It’s easy to fly a drone once, but to do it in a safe and repeatable manner takes experience and a plan. The good news about drone technology is that there is constant improvement in the safety, operational performance, and sensor capabilities. Even the most basic systems take much of the piloting skills out of the equation through modern advanced autopilots and integrated sensors. These systems can make even the most inexperienced operators successful the first time they take a drone out of a box and get airborne. That is great if you are a drone enthusiast or hobbyist but what happens if you are working for a client and something goes wrong? How would you know what to do? Do you rely on the system to make the decisions or do you guess and make it up as you go? Who is then liable for a mistake? The answer is to train to scenarios and situations so that you have a planned and prepared course of action should a mishap occur.
Drone reliability or mean time between failure information is difficult to assess. There is anecdotal evidence that the systems have a pretty high failure rate and because of the nature of the industry there is very little actual information shared to the public. From personal experience this technology has a very low mean time between failure. The mean time between failure or MTBF is defined as the time between a component failure that can cause a mishap. In aviation, this statistic is critical for deciding when to replace an engine or hinge on a wing for example. The manufactures MTBF is based upon testing and analysis to determine that a part can last for a specific number of hours and then at that point be replaced. For drones, we have no such data or statistics. We are then left with the concept of being a test pilot every time we fly. Without the knowledge of what is expected by the hardware we have no true understanding of how often our system put us at risk for a mechanical or software failure.
Drones are basically flying computers and no one has ever experienced a software crash before, right?
So where does that leave us? It puts a drone operator at great risk for having a mishap during some operation where there is real risk for a mishap. The FAA states that under the part 107 rules an operator can deviate from the rules in cases of an emergency. What is an emergency? Is lost communications with the drone and emergency? Is loss of an electric motor and emergency? Is losing sight of the drone an emergency? These are just some items that should be considered before starting any drone operation. Training and standardization coupled with a safety management system are critical to the success of any program.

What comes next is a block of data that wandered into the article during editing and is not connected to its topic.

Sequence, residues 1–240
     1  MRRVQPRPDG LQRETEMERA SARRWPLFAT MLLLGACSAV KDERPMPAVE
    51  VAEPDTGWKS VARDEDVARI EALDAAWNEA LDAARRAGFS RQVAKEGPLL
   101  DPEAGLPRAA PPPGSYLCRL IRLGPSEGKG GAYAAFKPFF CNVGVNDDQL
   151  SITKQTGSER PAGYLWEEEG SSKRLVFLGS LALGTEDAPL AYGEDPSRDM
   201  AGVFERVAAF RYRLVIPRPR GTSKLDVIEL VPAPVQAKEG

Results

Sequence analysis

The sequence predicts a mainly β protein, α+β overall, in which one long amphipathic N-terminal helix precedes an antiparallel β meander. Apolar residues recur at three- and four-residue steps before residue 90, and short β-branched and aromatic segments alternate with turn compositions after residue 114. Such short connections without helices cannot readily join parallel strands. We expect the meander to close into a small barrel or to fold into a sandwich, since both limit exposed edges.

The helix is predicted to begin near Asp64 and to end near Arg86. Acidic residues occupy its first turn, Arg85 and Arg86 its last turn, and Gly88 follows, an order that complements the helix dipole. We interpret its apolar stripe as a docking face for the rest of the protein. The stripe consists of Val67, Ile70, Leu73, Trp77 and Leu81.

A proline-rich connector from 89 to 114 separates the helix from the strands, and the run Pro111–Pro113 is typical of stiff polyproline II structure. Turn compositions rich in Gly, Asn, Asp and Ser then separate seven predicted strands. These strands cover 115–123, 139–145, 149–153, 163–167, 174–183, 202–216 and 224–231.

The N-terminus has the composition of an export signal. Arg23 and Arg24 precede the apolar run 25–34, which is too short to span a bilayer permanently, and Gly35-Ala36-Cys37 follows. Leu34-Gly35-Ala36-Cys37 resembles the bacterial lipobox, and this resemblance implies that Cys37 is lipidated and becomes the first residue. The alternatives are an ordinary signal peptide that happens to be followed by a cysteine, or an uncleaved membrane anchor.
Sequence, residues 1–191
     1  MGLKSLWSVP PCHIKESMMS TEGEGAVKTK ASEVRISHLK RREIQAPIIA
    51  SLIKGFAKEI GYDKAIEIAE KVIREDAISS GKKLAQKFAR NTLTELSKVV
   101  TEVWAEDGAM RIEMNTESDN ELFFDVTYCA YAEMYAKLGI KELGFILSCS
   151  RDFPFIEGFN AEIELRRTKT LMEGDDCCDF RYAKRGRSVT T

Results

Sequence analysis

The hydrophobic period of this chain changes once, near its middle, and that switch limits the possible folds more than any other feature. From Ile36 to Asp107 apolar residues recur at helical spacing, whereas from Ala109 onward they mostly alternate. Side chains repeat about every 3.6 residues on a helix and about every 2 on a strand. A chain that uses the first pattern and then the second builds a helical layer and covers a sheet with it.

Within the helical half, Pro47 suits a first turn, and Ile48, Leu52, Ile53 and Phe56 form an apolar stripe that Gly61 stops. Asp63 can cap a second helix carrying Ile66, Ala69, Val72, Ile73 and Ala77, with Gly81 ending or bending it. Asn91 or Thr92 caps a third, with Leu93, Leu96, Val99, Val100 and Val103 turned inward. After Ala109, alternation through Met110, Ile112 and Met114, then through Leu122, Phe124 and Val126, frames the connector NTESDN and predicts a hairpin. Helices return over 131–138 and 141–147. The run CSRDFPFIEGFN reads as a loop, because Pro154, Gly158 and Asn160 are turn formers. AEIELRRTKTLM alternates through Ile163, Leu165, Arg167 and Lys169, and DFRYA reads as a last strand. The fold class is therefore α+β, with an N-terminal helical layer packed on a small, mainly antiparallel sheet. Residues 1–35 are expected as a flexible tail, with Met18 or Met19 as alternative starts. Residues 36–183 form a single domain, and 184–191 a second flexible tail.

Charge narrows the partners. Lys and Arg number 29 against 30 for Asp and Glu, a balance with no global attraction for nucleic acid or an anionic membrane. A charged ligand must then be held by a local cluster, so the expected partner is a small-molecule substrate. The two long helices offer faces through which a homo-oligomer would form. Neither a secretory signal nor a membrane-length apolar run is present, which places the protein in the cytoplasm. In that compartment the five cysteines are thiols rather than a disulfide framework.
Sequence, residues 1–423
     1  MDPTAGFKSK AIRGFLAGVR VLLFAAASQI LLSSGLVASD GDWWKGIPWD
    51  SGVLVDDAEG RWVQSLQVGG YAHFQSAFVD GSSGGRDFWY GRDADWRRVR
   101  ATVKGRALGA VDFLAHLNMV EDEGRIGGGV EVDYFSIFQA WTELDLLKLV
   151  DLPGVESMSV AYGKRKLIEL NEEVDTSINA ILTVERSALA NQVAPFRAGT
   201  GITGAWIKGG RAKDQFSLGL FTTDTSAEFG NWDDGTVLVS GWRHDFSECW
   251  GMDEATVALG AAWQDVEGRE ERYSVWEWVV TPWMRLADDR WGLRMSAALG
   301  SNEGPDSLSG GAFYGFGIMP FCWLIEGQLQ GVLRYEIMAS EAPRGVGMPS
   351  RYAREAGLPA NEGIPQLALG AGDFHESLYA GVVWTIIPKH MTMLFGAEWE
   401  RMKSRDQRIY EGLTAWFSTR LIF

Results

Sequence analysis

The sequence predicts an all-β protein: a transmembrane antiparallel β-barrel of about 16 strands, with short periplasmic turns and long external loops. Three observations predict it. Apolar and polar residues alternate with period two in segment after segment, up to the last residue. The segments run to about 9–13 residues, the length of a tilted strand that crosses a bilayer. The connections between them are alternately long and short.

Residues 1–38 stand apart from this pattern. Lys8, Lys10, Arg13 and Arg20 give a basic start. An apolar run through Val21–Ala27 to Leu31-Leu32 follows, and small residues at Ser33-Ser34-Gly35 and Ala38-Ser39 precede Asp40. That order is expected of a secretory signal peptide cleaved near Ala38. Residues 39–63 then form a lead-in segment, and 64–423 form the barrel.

Training in aviation never ends. There is the formal training where one is taught how to fly, i.e. the stick and rudder skills. When you pull on the stick the houses get smaller when you push forward the houses get bigger. These are the basics skills that enable one to be legal. However, being legal does not equate to being safe. Safety comes from experience and wisdom. Real learning in aviation comes from experience in the field and sharing of those experiences with fellow operators. This training is often informal, but it is this source of the wisdom that enables a newly licensed pilot to gain knowledge and understanding based upon real world applications not just what is covered in technical manuals.
We in the Drone community have failed in our ability to share and pass on operational knowledge. We have accepted technology that still has significant capability gaps in the earnest desire to pioneer and advance the industry. Fortunately, most drone operations are performed with small multi-rotors that pose a reduced risk and mishaps usually result with minor complications. But the risk is real and as the numbers of users grows the likelihood of a significant mishap grows. We are fortunate that the autopilots and manufacturers gain from advances in technology. The software continues to improve and that helps to keep our errors as pilots to a lesser amount which may offset the growing risk from a growing user base. But as much as we rely on technologic advances there are still gaps and it is the understanding of these gaps gained from training that enables good decision making and can save your program.
Training is a formal process that sets the standards and base line for any organization. We all go through training programs formally and informally every day. If you are learning a new software program, a new game, or how to cook there are foundations that need to be established so that success can be achieved. Flying a drone and running a drone program should not be considered anything different. By establishing a common set of standards and best practices through a training program one can achieve the functional mission goal in a safe and repeatable manner. Safety is the key element that should drive every drone operator to a training program. By learning what has been experienced from other professionals and industry experts the wisdom can be applied immediately. A good training program does not have to be complicated or costly and if done properly will pay for itself in the prevention of a mishap and long and safe flight career.